The new French royalty

©Luis Grañena

‘In a nod to modernity, the peasants in their exurbs are now allowed to elect the monarch, whose title is “president’’’

©Luis Grañena

How to live to 100 and be happy

‘Many young people are working out how they want to spend the next seven or so decades’

Illustration by Luis Grañena of a man moving out of London
©Luis Grañena

The psychic cost of leaving London

‘Find a mate, then leg it before you’re sharing your bedroom with a baby’

England captain Bobby Moore holds the Jules Rimet trophy
©Rolls Press/Popperfoto/Getty Images

How England won the World Cup in 1966

Was it down to stamina, ability or good luck? And why has it never happened again?

Satisfaction v populism

‘The dominant western political mood is, “Things are OK really, not that I care much” ’

Illustration by Luis Grañena of a pig using a computer
©Luis Grañena

The simple truths of language

‘Impenetrable language thrives best in zones where people have an incentive to bore the public away’

©Luis Grañena

Football managers: a career of two halves

‘It’s hard to be a pioneer twice, especially when you have to win a match every three days’

Illustration by Luis Grañena
©Luis Grañena

Why we’re reliving the 1970s

‘The 1970s analogy gives us reason to hope. Back then, the centre held — as it has so far today, after eight years of economic misery’

How cosmopolitans can win the argument

‘Nationalists clash with cosmopolitans. The cosmopolitans cite facts. The nationalists pay no attention and sail blithely on’

Leicester fans gather outside the King Power Stadium
©Brian Doherty

Leicester — the city that made the club

The unglamorous Midlands city steps into the spotlight thanks to the sudden success of its football team

From Cambridge spies to Isis jihadis

‘The story of Soviet agent Guy Burgess and his generation may foretell the path of today’s Isis recruits’

Cruyff, the man who remade football, dies

1970s Ajax, Barcelona and Holland playmaker was the lightbulb and Edison in one

Why Merkel dreams in black and white

‘Asked once on TV what the word “Germany” inspired in her, she replied: “Pretty, airtight windows”’

The deadly human factor

‘In 2014, for the first time in 60 years, guns killed about as many Americans as cars did’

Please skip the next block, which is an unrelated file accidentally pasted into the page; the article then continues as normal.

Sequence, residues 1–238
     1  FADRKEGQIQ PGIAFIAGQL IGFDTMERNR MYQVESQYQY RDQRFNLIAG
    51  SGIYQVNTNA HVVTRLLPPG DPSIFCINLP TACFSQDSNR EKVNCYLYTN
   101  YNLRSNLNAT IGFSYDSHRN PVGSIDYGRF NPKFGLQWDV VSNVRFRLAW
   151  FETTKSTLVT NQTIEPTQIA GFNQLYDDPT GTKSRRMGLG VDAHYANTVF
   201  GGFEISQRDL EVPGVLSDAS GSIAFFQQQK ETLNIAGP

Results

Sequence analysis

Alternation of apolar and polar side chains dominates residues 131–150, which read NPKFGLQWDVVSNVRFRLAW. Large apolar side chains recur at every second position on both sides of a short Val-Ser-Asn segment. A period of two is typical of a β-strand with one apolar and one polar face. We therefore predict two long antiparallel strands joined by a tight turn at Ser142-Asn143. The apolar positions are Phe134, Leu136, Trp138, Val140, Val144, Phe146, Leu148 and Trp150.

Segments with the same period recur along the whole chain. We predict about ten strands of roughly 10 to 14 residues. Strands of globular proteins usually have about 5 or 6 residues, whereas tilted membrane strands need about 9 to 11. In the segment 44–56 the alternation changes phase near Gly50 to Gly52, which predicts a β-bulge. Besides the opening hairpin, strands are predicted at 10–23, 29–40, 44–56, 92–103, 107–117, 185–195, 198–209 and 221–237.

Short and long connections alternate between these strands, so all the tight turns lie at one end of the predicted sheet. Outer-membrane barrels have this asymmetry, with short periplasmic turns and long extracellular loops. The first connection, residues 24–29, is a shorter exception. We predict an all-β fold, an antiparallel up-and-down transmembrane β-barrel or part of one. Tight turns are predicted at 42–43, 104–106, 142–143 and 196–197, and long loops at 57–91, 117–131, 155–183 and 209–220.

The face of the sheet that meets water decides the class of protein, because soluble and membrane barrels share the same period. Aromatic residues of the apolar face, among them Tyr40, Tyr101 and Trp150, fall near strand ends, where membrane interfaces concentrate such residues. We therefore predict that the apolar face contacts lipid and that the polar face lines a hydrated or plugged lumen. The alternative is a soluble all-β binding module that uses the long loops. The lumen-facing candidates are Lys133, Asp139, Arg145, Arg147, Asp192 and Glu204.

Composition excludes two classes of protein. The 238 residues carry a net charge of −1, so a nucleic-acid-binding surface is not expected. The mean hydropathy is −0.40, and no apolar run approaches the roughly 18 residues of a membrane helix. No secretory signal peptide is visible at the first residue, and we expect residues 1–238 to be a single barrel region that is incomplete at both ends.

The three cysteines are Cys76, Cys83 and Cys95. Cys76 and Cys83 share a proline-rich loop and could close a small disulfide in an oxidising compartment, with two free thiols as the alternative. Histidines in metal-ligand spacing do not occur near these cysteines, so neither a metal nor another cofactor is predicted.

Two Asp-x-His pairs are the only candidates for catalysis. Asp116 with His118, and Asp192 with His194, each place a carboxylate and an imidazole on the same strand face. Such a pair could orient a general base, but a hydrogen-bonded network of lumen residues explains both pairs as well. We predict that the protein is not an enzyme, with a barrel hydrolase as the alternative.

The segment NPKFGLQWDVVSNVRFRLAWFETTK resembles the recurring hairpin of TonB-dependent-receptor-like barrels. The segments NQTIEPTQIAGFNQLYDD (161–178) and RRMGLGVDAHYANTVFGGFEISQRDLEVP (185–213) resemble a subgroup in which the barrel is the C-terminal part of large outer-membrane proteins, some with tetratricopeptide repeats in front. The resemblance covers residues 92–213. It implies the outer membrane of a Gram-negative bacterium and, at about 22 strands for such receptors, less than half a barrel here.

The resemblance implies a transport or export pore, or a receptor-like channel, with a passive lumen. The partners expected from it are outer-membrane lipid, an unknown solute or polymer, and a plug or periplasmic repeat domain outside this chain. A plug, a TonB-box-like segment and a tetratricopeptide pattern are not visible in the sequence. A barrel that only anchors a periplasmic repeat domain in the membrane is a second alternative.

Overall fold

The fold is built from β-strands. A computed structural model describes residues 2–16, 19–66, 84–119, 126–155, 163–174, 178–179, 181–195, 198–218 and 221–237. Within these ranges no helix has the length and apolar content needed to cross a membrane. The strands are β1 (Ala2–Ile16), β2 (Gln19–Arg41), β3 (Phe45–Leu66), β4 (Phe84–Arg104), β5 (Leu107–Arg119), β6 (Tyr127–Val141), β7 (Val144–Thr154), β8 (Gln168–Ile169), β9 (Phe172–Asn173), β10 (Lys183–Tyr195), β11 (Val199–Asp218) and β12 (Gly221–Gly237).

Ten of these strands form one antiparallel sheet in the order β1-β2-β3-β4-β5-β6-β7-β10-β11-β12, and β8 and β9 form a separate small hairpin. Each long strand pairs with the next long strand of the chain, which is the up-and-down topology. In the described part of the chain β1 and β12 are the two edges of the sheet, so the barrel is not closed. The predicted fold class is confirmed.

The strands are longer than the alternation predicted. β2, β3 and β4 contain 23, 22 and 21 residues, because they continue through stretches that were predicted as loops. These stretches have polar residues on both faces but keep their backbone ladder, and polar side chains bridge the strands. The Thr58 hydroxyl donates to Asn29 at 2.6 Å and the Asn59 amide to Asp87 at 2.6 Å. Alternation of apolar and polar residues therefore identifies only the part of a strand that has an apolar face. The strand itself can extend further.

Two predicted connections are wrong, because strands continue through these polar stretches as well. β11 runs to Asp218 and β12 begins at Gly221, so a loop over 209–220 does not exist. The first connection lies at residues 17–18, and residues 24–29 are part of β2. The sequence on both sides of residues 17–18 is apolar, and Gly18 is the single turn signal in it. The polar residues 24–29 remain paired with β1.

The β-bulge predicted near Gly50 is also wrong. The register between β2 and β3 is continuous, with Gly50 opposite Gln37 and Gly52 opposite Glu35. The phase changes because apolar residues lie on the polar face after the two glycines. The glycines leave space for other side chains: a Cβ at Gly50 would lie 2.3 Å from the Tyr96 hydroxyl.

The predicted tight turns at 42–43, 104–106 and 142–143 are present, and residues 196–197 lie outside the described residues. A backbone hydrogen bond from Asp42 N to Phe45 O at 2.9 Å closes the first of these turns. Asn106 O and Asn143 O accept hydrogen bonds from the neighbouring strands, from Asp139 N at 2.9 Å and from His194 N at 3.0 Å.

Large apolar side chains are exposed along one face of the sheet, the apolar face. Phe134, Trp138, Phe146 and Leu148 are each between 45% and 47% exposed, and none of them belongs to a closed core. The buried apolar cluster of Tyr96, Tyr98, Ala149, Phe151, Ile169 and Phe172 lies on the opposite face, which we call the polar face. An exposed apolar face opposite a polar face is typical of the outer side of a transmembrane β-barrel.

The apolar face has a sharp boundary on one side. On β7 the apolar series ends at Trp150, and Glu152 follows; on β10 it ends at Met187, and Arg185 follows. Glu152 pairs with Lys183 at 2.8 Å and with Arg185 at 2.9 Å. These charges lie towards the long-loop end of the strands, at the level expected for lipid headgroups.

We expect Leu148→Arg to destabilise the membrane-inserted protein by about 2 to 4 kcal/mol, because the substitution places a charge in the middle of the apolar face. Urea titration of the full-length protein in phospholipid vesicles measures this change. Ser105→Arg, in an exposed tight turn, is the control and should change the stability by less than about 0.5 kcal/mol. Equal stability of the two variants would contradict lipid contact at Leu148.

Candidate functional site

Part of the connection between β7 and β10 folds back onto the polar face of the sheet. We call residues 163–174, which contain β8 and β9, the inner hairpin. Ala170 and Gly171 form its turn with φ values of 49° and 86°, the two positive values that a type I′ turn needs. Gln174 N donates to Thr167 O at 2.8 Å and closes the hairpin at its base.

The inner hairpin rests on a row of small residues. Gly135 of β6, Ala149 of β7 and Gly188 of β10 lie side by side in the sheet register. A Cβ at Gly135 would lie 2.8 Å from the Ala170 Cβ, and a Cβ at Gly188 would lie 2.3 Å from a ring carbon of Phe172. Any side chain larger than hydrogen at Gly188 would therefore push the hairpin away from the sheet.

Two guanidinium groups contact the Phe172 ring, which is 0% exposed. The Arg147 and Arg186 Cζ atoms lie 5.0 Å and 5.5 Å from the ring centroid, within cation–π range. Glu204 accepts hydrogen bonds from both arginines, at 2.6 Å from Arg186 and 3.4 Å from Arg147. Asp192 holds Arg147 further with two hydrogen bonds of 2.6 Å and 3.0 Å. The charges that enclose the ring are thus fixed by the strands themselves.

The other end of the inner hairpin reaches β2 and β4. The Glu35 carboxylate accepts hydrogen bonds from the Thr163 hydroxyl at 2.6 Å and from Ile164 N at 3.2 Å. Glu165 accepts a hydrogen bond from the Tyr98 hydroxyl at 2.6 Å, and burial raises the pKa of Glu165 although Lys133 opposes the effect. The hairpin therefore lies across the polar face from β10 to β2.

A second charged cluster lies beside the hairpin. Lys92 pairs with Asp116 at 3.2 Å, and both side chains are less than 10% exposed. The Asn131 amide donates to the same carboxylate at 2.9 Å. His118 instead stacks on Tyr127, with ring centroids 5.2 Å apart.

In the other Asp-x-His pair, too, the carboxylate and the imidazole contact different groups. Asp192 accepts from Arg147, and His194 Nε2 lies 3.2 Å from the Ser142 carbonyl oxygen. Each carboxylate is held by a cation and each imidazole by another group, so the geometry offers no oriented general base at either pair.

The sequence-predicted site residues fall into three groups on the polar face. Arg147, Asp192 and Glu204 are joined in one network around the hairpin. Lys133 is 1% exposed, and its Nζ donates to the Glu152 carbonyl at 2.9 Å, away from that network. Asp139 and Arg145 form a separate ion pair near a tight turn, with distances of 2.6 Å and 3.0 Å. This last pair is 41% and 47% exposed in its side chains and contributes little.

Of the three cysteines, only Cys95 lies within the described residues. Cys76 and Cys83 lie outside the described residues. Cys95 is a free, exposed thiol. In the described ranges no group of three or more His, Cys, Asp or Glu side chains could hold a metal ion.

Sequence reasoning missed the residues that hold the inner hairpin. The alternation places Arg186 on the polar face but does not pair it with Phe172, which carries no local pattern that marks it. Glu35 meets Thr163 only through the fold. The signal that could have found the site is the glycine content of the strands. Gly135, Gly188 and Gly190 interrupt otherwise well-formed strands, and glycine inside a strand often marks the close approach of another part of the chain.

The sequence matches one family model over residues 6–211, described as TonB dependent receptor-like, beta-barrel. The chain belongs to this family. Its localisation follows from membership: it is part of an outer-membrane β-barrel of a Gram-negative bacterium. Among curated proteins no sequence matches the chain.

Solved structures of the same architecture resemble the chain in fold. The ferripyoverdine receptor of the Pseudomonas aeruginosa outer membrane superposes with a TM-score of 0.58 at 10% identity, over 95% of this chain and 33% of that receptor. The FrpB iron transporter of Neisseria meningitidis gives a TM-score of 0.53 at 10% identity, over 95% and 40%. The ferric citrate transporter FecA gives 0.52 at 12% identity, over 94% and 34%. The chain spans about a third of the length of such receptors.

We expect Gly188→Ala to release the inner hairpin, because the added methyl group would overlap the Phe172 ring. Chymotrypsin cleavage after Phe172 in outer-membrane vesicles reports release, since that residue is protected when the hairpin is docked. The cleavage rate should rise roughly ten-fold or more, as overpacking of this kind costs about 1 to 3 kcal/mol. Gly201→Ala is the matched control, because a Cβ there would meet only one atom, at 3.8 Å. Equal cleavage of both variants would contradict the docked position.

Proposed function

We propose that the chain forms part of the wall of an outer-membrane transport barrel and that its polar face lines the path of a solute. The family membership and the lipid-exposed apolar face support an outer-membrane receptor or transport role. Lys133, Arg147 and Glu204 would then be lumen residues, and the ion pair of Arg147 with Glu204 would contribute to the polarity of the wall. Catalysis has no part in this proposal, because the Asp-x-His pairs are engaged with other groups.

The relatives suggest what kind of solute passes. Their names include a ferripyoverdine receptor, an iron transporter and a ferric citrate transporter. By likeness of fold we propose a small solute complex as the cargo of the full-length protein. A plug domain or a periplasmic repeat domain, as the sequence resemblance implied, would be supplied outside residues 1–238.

Journalists need to get out more

‘Sending educated young people to the countryside may sound like a Maoist re-education campaign but the media need a shake-up’

What’s wrong with sports officials?

‘Most global sports federations enjoyed a degree of “self-regulation” that bankers just dreamt of’

How to buy a foreign election

‘US campaigns have become so pricey that donors now see better returns on investment in smaller economies’

Lessons in listening

‘If someone tells you something like, “I’m thinking of murdering my husband,” show no surprise and just nod understandingly’

Fear and lunching in Paris

‘Eating is still much of the point of Paris, so you sit there instinctively calculating where you’d run if gunmen walked in’

Passivity to fixers threatens fair play

Internet gambling makes it easier for punters to bet on any event, writes Simon Kuper


Simon KuperSimon Kuper joined the Financial Times in 1994. He wrote the daily currencies column, before leaving the FT in 1998. He returned in 2002 as a sports columnist and has been there ever since. Nowadays he writes a general column for the Weekend FT on all manner of topics from politics to books, and on cities including London, Paris, Johannesburg and Miami.

Simon was born in Uganda and grew up in London, the Netherlands, the US, Sweden and Jamaica. He studied at Oxford, Harvard and the Technische Universität of West Berlin. He now lives with his family in Paris. His first book, Football Against the Enemy (1994), set him on a path of writing about the world with an anthropologist’s eye.


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